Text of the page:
This November, Colorado voters will make two key decisions that may have significant impact on Colorado employers: (1) whether to adopt Amendment 69, which would create ColoradoCare, a state-chartered universal insurance system, funded by a 10 percent payroll tax (the “ColoradoCare Amendment”) (see related article); and (2) whether to adopt Amendment 70, which would gradually increase the state minimum wage to $12.00 by 2020 (the “Minimum Wage Amendment”) (see related article). Recent polling indicates that voters will likely overwhelmingly reject the ColoradoCare Amendment, but will approve the increase in minimum wage.
65 percent of Colorado voters polled in a recent Magellan Strategies survey oppose the ColoradoCare Amendment, with only 27 percent supporting the amendment and only 8 percent remaining undecided. This marks a significant decrease in support from a January survey where 43 percent of likely voters supported the amendment. Given the significant opposition indicated by the recent Magellan Strategies poll, it appears unlikely that Colorado employers will need to comply with ColoradoCare.
Colorado employers may, however, see an increase to the state’s minimum wage. 55 percent of Colorado voters polled in the Magellan Strategies survey support the Minimum Wage Amendment to gradually increase the state minimum wage to $12.00 by 2020, with 42 percent opposing the increase, while only 3 percent remain undecided. The current minimum wage in Colorado is $8.31, and is tied to the level of inflation. The Minimum Wage Amendment would increase the state minimum wage to $9.30 on January 1, 2017, and annually increase an additional $0.90 until the minimum wage reached $12.00 on January 1, 2020. Once the minimum wage reached $12.00, it would further adjust annually for cost-of-living increases.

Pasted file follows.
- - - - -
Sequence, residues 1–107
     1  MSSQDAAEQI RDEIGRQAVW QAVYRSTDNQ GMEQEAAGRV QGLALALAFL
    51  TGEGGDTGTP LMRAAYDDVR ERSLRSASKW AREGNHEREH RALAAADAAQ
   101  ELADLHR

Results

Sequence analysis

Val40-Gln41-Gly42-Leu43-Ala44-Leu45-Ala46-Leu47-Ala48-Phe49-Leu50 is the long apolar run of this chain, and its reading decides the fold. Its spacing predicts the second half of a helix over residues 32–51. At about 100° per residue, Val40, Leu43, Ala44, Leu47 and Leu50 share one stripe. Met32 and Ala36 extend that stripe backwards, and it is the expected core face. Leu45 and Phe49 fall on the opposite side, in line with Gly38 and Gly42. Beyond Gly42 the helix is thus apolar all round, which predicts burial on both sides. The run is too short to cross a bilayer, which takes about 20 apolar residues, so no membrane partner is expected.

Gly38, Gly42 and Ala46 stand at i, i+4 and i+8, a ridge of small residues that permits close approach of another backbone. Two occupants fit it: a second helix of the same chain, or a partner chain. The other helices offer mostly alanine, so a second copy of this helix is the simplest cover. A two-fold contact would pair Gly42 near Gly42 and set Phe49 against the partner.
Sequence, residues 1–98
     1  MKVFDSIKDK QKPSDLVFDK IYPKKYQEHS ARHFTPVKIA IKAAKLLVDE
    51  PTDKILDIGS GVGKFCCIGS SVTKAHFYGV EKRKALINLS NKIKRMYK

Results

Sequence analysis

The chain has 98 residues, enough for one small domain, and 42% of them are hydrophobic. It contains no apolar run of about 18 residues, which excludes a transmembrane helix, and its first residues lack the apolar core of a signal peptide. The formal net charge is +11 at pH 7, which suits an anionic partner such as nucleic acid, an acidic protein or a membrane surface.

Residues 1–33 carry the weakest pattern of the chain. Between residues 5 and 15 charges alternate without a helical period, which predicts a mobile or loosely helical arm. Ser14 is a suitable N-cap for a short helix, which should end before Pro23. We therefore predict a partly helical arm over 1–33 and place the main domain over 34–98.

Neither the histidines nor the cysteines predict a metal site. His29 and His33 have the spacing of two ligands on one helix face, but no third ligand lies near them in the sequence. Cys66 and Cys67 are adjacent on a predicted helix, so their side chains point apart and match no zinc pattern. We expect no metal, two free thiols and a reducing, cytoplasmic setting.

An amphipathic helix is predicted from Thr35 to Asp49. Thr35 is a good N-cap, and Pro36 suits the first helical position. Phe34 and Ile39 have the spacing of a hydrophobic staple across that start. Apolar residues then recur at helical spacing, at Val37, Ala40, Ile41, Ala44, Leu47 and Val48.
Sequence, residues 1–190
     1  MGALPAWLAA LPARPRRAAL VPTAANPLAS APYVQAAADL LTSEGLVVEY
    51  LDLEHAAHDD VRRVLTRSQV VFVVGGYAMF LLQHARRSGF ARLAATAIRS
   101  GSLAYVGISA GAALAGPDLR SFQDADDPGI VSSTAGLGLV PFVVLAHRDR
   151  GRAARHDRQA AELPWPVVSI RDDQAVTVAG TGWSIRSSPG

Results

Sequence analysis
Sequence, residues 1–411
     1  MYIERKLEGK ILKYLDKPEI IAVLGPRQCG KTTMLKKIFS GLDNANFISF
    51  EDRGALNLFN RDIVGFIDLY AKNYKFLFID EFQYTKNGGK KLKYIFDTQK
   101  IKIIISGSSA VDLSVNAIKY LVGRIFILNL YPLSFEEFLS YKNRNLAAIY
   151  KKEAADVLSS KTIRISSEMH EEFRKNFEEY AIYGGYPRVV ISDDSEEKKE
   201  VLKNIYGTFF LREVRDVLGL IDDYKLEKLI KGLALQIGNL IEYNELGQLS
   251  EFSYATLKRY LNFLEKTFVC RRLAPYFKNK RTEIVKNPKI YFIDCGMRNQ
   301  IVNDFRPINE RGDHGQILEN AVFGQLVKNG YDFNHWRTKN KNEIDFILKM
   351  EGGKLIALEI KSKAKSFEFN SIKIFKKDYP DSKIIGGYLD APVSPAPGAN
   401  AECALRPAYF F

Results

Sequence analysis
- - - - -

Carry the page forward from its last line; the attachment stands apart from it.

The Minimum Wage Amendment would have a significant impact on employers. Specifically, employers in industries with low profit margins, such as the restaurant and retail industries, would likely be required to eliminate jobs or reduce others, decreasing the quality of service. There is also a lack of significant research regarding the effects of such an increase to the minimum wage, and there is a possibility that an unknown or unintended consequence could further increase costs on employers.
Campbell Litigation will continue to track these actions and report back when further updates are available. For further information, please see the Colorado Secretary of State’s website for Amendment 69 and Amendment 70 (click here).
 Ed Sealover, Minimum-wage-hike amendment winning, ColoradoCare getting crushed, Denver Business Journal (Sept. 6, 2016).
 John Frank, New Poll: Colorado voters favor minimum wage hike and presidential primary, The Denver Post (Sept. 7, 2016).
 Ed Sealover, More on the cover story: Chances of Amendment 69 single-payer health measure passing are better than some thing, Denver Business Journal (May 27, 2016).
 See Magellan Strategies 8/29/2016 – 8/31/2016 poll (available at http://magellanstrategies.com/colorado-amendment-70-voter-opinion-survey/) (last accessed Sept. 8, 2016).
 Colo. Const. art. 18 § 15.
 See Frank, supra note 2.